I cried when we sang 'Jesus Christ is Risen Today,' and I heard my grandmother's voice singing it beside me. I got choked up when, at coffee hour, people asked how I was doing. I did better when I talked to my friend A, who has recently gotten a new guide dog. The previous one has retired, and there are adjustments all around, I think.
Then I tried really hard not to cry when I was making a pie crust and it wouldn't come out just right. There wasn't enough flour on the working surface (my table), and the dough stuck, and then it tore when I picked it up. I tried not to cry, but I did anyway. Sill, the pie got made.
Then I cried a lot when I went to take the dogs for a walk, and I was wearing the wrong socks and Rocky was trying to get into my lap, and then I got the right socks, but I'd lost one of the rubber tips on my earphones for my iPod. It wasn't pretty. I sobbed and raged because I couldn't find the backups. Ana brought me some other earphones, and, even thought they weren't right, I accepted them and went to walk. By the way, I actually have an appointment with a therapist. Not until the 3rd of April, but I have one.
When I got back, I decided it was time to cook. Cooking is one of those activities that is almost pure pleasure for me when I'm not in a hurry or tired. Cooking is a creative release. It uses a different part of my brain than writing and drawing uses, and it's fun. Even when it turns out badly, it's fun.
For Easter, I bought a duckling, some potatoes, some fresh asparagus, and a fennel bulb. "What," I asked BadDoggie on IRC, "would you do with fennel?" Following is the recipe:
Cut the fennel bulb into half-inch slices, rinse, then blanch for 2 minutes. [[ed. note: do not try to grind up outside "leaves" and tops in garbage disposal, or the sink will clog and you will start to cry uncontrollably and your spouse will have to come and fix it because your brain will short-circuit]]. Shock cool. In a skillet, saute finely chopped onion (I used 1/2 of a small onion) in butter and olive oil. Add fennel, some white wine, some tarragon, and some salt and pepper. Cover and reduce heat. Let simmer until the fennel is pretty tender (about 3 minutes). Add some cream, some more salt and pepper (to taste) and let reduce. [[Ed note: I didn't have cream, so I used the 2% milk I had, a tablespoon of butter whisked in at the end, and some garbanzo bean flour dissolved in milk as a thickener -- it turned out fine.]].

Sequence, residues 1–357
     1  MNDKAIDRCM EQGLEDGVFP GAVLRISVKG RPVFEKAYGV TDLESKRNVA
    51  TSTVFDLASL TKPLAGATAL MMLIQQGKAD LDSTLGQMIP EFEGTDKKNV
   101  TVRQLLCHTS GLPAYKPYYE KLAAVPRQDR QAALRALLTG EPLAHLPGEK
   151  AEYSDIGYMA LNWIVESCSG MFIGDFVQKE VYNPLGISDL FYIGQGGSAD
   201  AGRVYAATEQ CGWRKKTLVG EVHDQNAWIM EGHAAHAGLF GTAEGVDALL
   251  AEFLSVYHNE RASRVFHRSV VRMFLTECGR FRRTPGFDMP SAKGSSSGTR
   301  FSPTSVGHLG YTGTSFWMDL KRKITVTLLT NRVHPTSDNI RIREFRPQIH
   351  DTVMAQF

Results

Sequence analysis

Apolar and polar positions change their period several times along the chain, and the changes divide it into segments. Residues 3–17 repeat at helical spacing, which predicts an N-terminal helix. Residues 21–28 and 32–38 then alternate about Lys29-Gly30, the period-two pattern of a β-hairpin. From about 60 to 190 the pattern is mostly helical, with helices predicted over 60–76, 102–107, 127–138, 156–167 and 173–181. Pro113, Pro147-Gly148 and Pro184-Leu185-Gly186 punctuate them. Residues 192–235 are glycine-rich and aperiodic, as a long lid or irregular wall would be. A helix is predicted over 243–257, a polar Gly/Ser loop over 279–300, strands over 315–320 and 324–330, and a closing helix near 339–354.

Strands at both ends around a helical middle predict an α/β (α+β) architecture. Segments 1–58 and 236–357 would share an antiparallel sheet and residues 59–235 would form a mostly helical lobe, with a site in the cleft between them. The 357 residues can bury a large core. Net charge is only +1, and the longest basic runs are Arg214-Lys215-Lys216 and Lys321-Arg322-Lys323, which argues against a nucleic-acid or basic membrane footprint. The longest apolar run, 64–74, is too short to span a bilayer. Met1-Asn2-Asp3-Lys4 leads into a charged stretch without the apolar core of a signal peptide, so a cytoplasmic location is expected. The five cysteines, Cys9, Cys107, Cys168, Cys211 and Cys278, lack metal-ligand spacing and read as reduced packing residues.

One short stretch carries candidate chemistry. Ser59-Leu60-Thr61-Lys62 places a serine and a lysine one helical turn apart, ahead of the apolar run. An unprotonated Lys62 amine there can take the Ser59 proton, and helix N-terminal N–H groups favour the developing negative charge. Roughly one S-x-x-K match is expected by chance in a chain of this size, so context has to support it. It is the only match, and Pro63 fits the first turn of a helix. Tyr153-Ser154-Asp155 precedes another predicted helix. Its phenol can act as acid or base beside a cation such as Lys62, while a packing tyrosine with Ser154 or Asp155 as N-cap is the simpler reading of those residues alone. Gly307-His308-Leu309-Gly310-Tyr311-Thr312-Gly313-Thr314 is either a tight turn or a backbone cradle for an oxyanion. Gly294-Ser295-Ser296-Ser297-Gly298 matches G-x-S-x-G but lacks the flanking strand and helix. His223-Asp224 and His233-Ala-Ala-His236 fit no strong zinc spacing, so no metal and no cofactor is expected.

I'd never had fennel before, but this was delicious. Of all of the dishes, it had the mildest flavor (as BadDoggie and I had discussed). The blanching and the cream knocked the strongness of the anise flavor down significantly, and it was ideal with the rest of the meal.
Whole Foods has whole, refrigerated ducklings on a regular basis, so I picked up one that was about 4 pounds. I cooked it based on a discussion I remember blixco having about duck-cooking, and the suggestions BadDoggie had when we chatted last night.
2 blood oranges
3 cloves garlic, sliced into bits
1/2 teaspoon fresh ginger, minced
3 bay leaves
First, I preheated the oven to 375F (190C, about).
Then removed the giblets and discarded them, because organ-meats-ewww. Then wash and pat down. Prick the breast all over and pour a kettle-full of boiling water over it.
Zest and juice one of the blood oranges. Rub the outside of the duck with the juice and zest. Sprinkle all over with kosher salt.
Peel and cut in half the other orange. Stuff the bird with the orange halves, the garlic bits, the ginger, and the bay leaves. Put the duck on a rack in a roasting pan (so it won't be sitting in the fat which should render out), and roast for approximately 2 1/2 hours.
I already talked about the fennel, which was delicious with the duck, but I also used some of the rendered duck fat to roast potatoes (salt, pepper, and dried thyme).
And I roasted asparagus with a homemade balsamic vinaigrette sauce. Roast 3 cloves garlic, mash in a mortar & pestle. Add a teaspoon or so of Coleman's prepared mustard. Add balsamic vinegar. Add salt and pepper to taste. Whisk in olive oil. When the asparagus is nearly done, drizzle balsamic vinaigrette over asparagus, toss, and finish roasting.
I roast garlic on a bed of kosher salt and drizzle the cloves with olive oil. I use that salt for the rest of the dishes I'm making.
I actually really enjoyed dinner. I haven't cried since I served dinner and watched Ana really seem to enjoy the food. I usually enjoy cooking far more than eating, but I was pleasantly surprised by just how tasty and flavorful everything was. Bonus: it only took about 2.5 hours from starting to serving. +1 would cook again.
And, of course, Ana's pie is incredible. It's a rhubarb-cranberry pie, and I can taste the cloves. The pie crust wasn't as much of a disaster as I'd feared (the hippie crisco I got at Whole Foods should not have been refrigerated before use, and then there was the whole sticking and tearing issue). It's delicious.
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